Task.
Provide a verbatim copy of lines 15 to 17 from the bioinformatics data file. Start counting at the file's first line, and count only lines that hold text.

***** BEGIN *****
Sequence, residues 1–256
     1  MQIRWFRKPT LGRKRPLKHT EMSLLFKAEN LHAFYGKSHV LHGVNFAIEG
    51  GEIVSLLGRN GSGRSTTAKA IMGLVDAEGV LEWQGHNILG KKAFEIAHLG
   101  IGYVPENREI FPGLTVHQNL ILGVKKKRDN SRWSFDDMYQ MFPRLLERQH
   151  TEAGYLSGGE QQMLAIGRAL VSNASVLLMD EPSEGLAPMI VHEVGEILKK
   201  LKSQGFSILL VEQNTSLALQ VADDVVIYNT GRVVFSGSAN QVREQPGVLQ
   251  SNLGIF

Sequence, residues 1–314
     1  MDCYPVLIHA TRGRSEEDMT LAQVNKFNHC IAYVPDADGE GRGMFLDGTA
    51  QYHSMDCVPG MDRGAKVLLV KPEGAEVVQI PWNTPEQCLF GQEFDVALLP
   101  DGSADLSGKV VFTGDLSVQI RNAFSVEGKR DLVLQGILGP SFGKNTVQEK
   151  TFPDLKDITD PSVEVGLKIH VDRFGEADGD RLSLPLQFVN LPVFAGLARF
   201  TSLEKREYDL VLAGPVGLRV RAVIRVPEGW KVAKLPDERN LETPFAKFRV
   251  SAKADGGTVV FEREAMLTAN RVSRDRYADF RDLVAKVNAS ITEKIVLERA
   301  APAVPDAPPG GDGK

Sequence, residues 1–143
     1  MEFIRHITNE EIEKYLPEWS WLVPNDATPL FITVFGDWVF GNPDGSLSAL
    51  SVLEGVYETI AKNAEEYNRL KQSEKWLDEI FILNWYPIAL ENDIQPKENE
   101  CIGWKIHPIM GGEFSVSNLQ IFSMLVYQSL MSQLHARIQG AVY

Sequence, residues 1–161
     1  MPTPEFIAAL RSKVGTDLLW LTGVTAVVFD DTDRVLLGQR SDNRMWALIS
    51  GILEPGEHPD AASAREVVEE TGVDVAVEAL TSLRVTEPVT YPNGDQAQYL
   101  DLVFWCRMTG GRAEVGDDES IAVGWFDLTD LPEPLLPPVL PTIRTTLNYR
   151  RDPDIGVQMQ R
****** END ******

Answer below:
   301  APAVPDAPPG GDGK

Sequence, residues 1–143
     1  MEFIRHITNE EIEKYLPEWS WLVPNDATPL FITVFGDWVF GNPDGSLSAL